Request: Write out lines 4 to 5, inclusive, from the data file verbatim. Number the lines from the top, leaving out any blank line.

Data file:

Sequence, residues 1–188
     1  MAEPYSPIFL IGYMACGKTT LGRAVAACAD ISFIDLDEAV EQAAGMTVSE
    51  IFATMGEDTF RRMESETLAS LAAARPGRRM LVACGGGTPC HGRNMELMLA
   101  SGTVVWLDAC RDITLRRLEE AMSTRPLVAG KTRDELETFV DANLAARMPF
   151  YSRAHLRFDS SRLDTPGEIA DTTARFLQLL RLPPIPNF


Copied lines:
   101  SGTVVWLDAC RDITLRRLEE AMSTRPLVAG KTRDELETFV DANLAARMPF
   151  YSRAHLRFDS SRLDTPGEIA DTTARFLQLL RLPPIPNF